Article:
Aside from the PBS documentary, and the Tonys, I hadn’t exposed myself to the soundtrack or show in any meaningful way, so I was able to experience this performance very much in the moment, almost as new material. (Truth be told, something about an over-produced sound quality to the soundtrack, and Lin Manuel’s voice didn’t draw me in.) LIVE, it’s a whole other beast.

0530a73ffb

Photo: Joan Marcus

I favored Emmy Raver-Lampman as Angelica, and Amber Iman in the small part of Maria (with rich, alto, Sarah Vaughan tone). I couldn’t keep my eyes off the male ensemble dancer, Andrew Wojtal, who also played a judge for a blink, among other small roles. He was a major talent, so committed to every movement. I enjoyed qualities about each of the leads, and especially appreciated the rawness and realness of Michael Luwoye in the title role. It was great not having any celebrity casting choices to distract.

The role of the King of England (Rory O’Malley) was indeed much needed humor in the midst of the intensity and great amount of words to take in of the hip hop/poetry slam style of much of the show. The tender and sassy moments (i.e. the Schuyler Sisters) were for me the most accessible, given my lens and tastes.

Continue reading

Advertisements

A French Delicacy Discovered: Andrée Esposito

L’Objet du Désir


Back in the pre-youtube days (yes, a mere 5+ years ago), presumably in one of my crusty old opera books, I came across this photo of a french diva who performed to acclaim from the mid-50’s through 70’s. I remember being smitten, and trying to imagine experiencing a great lyric soprano, in this case as Thaïs, in such an alluring, voluptuous package (my feminine ideal, which I wish would return to favor). I also stood in disbelief of the costume, which could hold its own even among today’s drag best, and would still be considered shocking on the stage of any international opera house. This exotic, statuesque vision was one Andrée Esposito.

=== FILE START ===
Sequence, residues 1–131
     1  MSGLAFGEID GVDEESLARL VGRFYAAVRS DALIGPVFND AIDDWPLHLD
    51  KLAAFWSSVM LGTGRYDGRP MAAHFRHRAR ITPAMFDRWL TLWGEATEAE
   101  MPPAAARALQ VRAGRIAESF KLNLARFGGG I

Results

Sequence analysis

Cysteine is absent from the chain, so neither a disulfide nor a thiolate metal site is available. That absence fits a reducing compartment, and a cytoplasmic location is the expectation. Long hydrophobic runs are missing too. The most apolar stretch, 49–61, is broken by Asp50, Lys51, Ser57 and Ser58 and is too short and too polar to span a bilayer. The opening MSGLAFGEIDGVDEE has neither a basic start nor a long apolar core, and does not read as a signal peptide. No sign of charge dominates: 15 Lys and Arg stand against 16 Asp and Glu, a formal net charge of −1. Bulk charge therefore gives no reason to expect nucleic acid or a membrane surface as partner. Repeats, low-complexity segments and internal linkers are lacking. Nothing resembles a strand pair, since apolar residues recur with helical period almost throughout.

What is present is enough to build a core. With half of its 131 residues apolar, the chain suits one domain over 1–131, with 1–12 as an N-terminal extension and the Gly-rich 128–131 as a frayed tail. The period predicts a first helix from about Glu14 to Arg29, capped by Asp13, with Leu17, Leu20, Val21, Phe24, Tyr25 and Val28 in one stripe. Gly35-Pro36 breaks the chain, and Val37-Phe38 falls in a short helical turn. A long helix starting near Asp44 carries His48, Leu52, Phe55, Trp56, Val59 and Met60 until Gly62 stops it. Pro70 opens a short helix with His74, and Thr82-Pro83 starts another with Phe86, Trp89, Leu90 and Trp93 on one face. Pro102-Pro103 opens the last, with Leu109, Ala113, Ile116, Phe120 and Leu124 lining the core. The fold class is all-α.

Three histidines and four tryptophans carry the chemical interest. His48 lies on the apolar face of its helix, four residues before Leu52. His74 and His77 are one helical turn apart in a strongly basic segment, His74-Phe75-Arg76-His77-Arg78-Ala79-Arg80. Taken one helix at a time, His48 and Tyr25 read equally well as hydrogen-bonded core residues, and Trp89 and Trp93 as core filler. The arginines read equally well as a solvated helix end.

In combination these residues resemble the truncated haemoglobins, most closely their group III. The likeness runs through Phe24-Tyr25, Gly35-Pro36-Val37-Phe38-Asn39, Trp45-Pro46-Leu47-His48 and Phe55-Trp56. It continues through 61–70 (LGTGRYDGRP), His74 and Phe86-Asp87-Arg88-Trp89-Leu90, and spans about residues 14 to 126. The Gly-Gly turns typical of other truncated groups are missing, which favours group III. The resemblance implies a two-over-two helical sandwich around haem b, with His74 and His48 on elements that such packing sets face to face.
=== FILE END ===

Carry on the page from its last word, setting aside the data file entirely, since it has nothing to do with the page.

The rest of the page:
Somehow she only reentered my radar last week. I’ve been transfixed since, exploring her art on youtube. Yes, she had much more than just a beautiful physique. Her elegant phrasing and on-the-breath tonality bears more than a slight resemblance to another of my favored divas, Eleanor Steber. One can also hear flashes of Sills’ attack and brightness, but none of her acidity or tonal pressing. This is impassioned, fully committed, unforgettable singing, and particularly idiomatic in her native french.

She embodies all the finest qualities of the french operatic style: a ringing, well supported column of sound, and the perfect dose of taut tonal nasality. But, unlike Steber, who sometimes stepped over into a matronly firmness of tone, Andrée, while having thrust, never muscles past a girlish vulnerability. So many of the quintessential french divas of mid-century (ie: Vallin, Robin) offer too brittle or bright a sound for my ears, and one which feels more caricaturish and less human. Andrée offers the best of their qualities, but balanced with a cool smoothness more pleasing, and realness more affecting to my modern ears.

An Overview: Her Life & Career


She was born (February 7, 1934) in Algiers, Algeria, into a family of French-Italian origin. She completed her studies at the Paris Music Conservatory, where she was a pupil of Louis Noguéra and Charles Panzéra.

Andrée was then quickly invited to all the major opera houses of France, including the Paris Opéra-Comique, singing the standard French light lyric repertory: Olympia, Philline, Mireille, Micaela, Leila, and Lakmé. She made her debut at the Paris Opéra in 1959, as Violetta. Other roles there included Rosina, Lucia, Gilda, Xenia, Marguerite, Juliette, Manon, Thaïs. She also enjoyed singing Rosalinda and Hanna. She was also a very active recitalist.

Andrée was married to French baritone Julien Haas, with whom she often appeared on stage, the two were also active as voice teachers at the Strasbourg Music Conservatory. (Wikipedia)

A Video Sampling


These videos are some of her finest offerings available online (do NOT miss “La Chanson perpétuelle” below). Both the Mireille and Manon duos are with the elegant, tender french lyric tenor Alain Vanzo.

“Oses venir, toi qui braves Vénus!,” from Massenet’s Thaïs

With Andrée as the courtesan Thaïs, this recording (french radio, 1959) also features the magnificent Robert Massard as Athanaël, a Cenobite monk, and tenor Jean Mollien, as the nobleman Nicias. Albert Wolff conducts.

Continue Experiencing Andrée’s Art —>